I started this jumper after bring inspired by Danish knitwear designer Laerke Baeger, who started a series during Lockdown last year on her Instagram, showing how to make a scrappy yarn sweater, which she called the #alonetogethersweater.
The idea is to use two yarns, one of which gets cut at regular intervals and a scrap of coloured yarn tied in. I had alot of scrap yarn so I tied them together with grey used every third colour and white for my 2nd yarn.
I liked the raglan shape and the loose fit, so I decided to combine the two ideas.
Here’s where I went a little off plan… I felt like the ribbed section started too close to the underarms so I lengthened the top section before starting the ribbing.
I also realised I might run out of the grey yarn that I was using every third colour on the tied yarn. So I swapped this for navy every 3rd colour, still working along with the strand of white….. Still with me??!
This is how it looked:
I was trying it on as I went and it wasn’t looking good….. The ribbing would have been better higher / and the darker ribbing just made it look like two different jumpers!
That ribbing was a few hours in the making and I couldn’t bear to rip it back, so stitch surgery was needed!
I threaded 2 circular needles between the panels a couple of rows apart, cut the stitches between and continued them both separately.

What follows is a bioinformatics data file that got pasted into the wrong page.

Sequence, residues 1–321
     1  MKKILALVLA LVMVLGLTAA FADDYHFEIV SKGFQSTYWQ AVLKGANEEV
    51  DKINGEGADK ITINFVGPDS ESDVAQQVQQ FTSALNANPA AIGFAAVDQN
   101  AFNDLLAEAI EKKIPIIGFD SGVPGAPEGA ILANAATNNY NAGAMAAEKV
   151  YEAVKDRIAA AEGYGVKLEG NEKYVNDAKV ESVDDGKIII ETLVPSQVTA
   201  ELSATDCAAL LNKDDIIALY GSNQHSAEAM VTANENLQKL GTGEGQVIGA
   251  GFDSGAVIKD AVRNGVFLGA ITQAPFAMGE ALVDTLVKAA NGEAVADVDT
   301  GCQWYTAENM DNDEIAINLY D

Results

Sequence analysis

After that it was just a matter of carrying on and trying it as I went along:
The neckline felt better folded under:
I turned it to the inside and attached it with a crochet chain stitch so it kept its stretch :
All the threads ends are just left as is… No weaving in, and so far only one or two have popped out! The original inspiration jumper leaves the ends to hang on any side but I deliberately kept mine to the inside.
And if you got this far….. the ribbing became a cushion cover:
Openwater or outdoor swimming seems to be having a moment, it probably has alot to do with gyms and pools being closed!
I live by the coast and swim in the sea every year. Usually from May to September, but this year we had a very mild October so it made it a bit easier to keep going.